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Q. Who is Mr. Smarty Plants?

A: There are those who suspect Wildflower Center volunteers are the culpable and capable culprits. Yet, others think staff members play some, albeit small, role. You can torture us with your plant questions, but we will never reveal the Green Guru's secret identity.

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Ask Mr. Smarty Plants is a free service provided by the staff and volunteers at the Lady Bird Johnson Wildflower Center.

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Friday - January 03, 2014

From: Saint Louis County, MO
Region: Midwest
Topic: Deer Resistant, Erosion Control, Grasses or Grass-like, Shrubs
Title: Deer Resistance and Erosion Control for St. Louis County MO
Answered by: Larry Larson

QUESTION:

I am looking for deer and rabbit resistant native plants for erosion control on a steep ravine slope with part sun and part shade in St. Louis County MO.

ANSWER:

  Here is a selection of previous Mr Smarty Plant’s responses to questions that involve both erosion control and deer resistance.  Only the first reference is from Missouri, but all give some appropriate direction.

Arnold MO:   Low-maintenance grass for retention pond
Limiting erosion around pond from Brooklyn Park MN
Deer-resistant groundcovers for erosion control
Flowering Deer Resistant Ground Cover for Dry Rocky Soil: Alabama   

  Mr Smarty Plant’s recipe for erosion control is to choose plants that clump and/or have extensive root systems.  These larger root systems tend to hold the soil in place to a larger extent than the size of the plant would suggest.

 There is a special collection of recommended species for Deer resistance.  Rabbit resistance isn’t mentioned in the plant records, but one can hope that deer resistant species are similar.  This link leads to the collection of deer resistant species. 

  Like the other special lists, this can be searched for state, aspect, height and several other important characteristics. Thinking about both of these sets of characteristics, my review of this list suggests the following as suitable plants:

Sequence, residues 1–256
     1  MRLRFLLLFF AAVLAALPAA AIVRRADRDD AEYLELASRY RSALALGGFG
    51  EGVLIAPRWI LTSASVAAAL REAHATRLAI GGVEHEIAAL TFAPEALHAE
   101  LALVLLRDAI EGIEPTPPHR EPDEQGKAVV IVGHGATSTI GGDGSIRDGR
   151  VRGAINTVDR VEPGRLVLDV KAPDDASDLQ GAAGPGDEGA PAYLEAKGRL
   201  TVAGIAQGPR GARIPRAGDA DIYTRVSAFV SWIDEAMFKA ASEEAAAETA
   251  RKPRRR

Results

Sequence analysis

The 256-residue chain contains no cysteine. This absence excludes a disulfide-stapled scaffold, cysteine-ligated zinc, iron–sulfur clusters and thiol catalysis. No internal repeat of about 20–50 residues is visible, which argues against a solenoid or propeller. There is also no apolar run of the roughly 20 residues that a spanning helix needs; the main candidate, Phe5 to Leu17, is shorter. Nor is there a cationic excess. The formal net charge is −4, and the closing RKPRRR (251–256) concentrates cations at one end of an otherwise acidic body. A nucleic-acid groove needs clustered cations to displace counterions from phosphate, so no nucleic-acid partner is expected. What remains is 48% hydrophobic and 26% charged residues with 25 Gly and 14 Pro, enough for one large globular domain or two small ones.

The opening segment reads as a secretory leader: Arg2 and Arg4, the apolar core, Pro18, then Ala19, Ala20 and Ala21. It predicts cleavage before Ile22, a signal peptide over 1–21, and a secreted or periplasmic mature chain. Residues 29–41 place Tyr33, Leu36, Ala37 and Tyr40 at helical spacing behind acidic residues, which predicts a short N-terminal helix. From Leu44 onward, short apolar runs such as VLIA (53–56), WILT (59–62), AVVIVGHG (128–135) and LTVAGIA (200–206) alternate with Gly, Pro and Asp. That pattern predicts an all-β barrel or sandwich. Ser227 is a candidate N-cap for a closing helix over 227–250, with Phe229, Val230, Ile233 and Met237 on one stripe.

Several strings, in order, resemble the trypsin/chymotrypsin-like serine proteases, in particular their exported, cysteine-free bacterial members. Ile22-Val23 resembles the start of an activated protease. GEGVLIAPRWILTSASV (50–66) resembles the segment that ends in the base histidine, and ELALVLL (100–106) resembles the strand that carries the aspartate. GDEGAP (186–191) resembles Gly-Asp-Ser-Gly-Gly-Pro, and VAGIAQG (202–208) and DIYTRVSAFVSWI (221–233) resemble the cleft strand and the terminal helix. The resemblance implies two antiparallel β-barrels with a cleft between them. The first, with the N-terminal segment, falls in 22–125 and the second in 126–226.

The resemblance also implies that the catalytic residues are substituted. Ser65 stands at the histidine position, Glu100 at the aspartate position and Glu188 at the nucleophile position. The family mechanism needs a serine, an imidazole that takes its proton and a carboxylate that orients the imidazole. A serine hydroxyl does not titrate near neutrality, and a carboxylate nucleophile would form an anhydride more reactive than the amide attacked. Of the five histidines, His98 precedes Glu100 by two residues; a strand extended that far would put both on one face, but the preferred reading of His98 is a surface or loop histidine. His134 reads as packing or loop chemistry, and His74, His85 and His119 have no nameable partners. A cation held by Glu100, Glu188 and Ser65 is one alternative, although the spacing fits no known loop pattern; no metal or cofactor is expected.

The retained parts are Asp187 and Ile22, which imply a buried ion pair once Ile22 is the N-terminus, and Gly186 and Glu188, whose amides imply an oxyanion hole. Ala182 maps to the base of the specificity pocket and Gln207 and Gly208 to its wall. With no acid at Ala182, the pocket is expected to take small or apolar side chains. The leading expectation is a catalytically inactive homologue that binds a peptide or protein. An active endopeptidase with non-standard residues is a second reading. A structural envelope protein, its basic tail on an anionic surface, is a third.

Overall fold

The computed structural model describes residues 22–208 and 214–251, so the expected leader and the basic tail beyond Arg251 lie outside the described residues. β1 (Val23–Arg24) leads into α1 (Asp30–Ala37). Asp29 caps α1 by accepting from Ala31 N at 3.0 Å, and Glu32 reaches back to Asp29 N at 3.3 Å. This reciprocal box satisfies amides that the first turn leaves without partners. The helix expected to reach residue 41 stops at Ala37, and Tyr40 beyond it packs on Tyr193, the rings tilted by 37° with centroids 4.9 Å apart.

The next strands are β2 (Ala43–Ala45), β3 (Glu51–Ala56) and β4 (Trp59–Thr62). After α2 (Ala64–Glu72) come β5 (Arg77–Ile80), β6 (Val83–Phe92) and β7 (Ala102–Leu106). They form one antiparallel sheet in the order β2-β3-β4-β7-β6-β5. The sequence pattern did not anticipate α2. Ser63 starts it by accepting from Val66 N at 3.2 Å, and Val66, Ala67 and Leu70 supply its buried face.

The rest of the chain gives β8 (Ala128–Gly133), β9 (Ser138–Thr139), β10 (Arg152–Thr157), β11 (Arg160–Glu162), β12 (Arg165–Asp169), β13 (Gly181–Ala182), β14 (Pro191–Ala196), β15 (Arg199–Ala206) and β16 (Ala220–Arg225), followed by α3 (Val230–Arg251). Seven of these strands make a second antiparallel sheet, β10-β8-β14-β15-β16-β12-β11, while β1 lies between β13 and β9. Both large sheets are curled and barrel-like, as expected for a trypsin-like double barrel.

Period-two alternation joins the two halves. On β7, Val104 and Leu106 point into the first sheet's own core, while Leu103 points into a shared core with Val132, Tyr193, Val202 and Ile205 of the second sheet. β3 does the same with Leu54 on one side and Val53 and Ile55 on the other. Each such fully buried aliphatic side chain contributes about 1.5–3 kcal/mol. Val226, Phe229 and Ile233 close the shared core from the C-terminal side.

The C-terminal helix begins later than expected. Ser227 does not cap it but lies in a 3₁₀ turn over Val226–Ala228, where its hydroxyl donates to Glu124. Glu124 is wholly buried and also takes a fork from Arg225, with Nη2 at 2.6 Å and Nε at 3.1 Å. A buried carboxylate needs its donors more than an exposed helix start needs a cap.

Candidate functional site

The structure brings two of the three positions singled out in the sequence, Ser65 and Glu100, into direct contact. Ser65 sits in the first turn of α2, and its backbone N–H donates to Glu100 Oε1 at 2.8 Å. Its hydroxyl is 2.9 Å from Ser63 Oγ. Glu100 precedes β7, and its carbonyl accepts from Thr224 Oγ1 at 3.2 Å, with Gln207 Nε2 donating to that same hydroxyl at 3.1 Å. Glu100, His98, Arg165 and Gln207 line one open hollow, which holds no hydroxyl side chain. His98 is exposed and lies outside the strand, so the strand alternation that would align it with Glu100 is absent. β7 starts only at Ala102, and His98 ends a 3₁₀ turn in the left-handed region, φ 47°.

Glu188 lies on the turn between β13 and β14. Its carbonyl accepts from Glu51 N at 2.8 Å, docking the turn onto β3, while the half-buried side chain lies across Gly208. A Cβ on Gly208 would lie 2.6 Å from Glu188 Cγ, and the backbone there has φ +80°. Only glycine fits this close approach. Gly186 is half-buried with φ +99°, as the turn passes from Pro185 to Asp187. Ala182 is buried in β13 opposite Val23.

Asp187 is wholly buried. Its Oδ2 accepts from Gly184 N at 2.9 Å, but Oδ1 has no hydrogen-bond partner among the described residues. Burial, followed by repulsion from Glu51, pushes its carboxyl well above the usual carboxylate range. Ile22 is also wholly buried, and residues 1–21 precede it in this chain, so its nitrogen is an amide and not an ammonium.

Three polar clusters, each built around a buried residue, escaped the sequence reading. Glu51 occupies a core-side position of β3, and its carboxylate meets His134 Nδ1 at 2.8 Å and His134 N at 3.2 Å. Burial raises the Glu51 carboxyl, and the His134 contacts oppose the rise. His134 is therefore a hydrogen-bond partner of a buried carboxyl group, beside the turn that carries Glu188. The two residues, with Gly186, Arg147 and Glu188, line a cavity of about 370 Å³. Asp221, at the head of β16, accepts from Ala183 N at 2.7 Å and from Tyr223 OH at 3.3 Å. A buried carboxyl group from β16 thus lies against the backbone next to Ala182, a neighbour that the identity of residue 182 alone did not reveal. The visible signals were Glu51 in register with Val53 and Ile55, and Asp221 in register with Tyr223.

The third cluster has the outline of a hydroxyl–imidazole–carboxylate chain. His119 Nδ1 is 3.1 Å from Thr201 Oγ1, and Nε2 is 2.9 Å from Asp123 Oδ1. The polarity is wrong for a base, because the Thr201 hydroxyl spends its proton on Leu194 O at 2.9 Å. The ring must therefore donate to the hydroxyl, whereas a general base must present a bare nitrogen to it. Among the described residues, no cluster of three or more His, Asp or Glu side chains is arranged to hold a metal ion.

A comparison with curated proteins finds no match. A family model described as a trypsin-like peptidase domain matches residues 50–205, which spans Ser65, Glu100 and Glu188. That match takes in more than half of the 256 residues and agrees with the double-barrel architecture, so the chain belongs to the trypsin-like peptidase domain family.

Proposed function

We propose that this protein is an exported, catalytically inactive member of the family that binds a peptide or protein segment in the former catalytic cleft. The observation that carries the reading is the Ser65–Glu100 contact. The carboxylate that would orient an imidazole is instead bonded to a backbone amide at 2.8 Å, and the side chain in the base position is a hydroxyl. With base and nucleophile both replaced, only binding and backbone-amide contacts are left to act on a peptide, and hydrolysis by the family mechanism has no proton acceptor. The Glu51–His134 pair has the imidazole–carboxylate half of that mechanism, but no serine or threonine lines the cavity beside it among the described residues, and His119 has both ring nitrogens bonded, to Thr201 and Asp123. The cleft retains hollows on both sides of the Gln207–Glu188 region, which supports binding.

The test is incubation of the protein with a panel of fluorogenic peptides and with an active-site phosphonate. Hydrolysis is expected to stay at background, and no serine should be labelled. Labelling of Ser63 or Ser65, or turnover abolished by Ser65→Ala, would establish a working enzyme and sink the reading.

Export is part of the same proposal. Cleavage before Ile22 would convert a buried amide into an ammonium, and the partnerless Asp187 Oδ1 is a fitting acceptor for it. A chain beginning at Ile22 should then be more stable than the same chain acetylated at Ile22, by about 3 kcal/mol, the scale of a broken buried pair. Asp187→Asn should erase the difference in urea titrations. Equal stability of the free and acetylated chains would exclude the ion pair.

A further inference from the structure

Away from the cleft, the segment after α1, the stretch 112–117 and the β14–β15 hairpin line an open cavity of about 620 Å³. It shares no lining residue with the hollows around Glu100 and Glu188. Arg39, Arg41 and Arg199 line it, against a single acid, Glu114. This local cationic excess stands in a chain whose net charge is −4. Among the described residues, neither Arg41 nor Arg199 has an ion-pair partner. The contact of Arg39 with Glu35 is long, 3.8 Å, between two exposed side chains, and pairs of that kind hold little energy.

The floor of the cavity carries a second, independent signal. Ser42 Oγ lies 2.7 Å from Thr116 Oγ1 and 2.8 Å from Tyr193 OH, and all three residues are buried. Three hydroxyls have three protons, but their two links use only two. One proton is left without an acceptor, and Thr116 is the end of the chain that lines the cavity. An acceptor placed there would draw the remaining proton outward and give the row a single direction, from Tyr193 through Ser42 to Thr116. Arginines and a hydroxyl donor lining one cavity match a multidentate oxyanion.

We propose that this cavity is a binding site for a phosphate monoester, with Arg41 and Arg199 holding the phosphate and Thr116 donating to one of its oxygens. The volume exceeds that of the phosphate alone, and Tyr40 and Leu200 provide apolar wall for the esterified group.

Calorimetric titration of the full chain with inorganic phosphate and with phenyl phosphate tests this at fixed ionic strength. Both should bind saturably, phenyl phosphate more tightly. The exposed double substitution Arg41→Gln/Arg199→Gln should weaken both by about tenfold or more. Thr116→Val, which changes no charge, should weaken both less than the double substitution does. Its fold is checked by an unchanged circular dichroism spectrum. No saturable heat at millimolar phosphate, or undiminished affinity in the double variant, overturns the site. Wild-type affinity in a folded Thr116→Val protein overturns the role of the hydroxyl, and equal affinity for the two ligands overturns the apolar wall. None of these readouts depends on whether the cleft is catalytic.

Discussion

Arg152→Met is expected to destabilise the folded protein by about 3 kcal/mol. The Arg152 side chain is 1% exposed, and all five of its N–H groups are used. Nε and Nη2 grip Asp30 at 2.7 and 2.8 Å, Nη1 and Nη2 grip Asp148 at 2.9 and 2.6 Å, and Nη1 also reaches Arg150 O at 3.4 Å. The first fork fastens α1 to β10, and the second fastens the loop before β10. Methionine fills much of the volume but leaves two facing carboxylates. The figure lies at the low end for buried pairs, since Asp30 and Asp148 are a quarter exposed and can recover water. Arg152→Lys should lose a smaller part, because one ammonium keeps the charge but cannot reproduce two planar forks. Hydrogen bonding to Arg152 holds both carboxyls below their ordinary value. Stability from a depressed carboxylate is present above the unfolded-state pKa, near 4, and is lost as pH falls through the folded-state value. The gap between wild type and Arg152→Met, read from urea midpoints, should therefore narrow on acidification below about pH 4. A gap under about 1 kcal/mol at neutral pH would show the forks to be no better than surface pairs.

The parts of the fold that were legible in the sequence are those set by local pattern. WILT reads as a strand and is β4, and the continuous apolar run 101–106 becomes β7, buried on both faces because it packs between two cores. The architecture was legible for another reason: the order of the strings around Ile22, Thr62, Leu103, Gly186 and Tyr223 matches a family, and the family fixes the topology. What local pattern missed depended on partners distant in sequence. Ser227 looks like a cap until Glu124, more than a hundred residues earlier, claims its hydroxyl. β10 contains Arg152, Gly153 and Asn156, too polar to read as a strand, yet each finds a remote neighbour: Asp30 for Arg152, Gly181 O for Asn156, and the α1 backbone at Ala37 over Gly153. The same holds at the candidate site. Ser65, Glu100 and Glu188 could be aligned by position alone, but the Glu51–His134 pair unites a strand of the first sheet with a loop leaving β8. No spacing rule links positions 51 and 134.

Grasses:   Bouteloua curtipendula (Sideoats grama), Carex blanda (Eastern woodland sedge), Carex texensis (Texas sedge)

Shrubs:  Ceanothus americanus (New jersey tea)Hypericum prolificum (Shrubby st. johnswort). Symphoricarpos orbiculatus (Coralberry)

  If you want a little flowering color, there are 43 native wildflowers that also are shown by searching for  “Herbs” in this same collection.

 

From the Image Gallery


Sideoats grama
Bouteloua curtipendula

Eastern woodland sedge
Carex blanda

Texas sedge
Carex texensis

New jersey tea
Ceanothus americanus

Shrubby st. john's-wort
Hypericum prolificum

Coralberry
Symphoricarpos orbiculatus

More Erosion Control Questions

Groundcover for erosion control
September 23, 2008 - I live in southern california. What is the best groundcover to plant on a slope to prevent erosion?
view the full question and answer

Plants to stabilize a bank in VT
April 10, 2012 - I am looking for suggestion on what plants might best be suited for aiding in the stabilization of a very steep bank above Lake Champlain.
view the full question and answer

Plants for steep slope in Pittsburgh PA
April 25, 2013 - I have a similar question to one from SC. I live in Pittsburgh, PA. We have a steep slope behind a newly built in pool. What type of plants can I put on the hillside to hold the soil. It gets a ...
view the full question and answer

Erosion blanket question from Antimony UT
August 03, 2011 - I want to use an erosion control blanket for a hill and want to know what type I should purchase that would allow planting seeds and them growing up through the blanket
view the full question and answer

California native bunch grasses good for erosion control
November 21, 2010 - In response to your answer about deep rooted native plants good for erosion control, don't forget to include native bunchgrasses. here in California, our bunchgrasses have roots that go 10ft, 20ft de...
view the full question and answer

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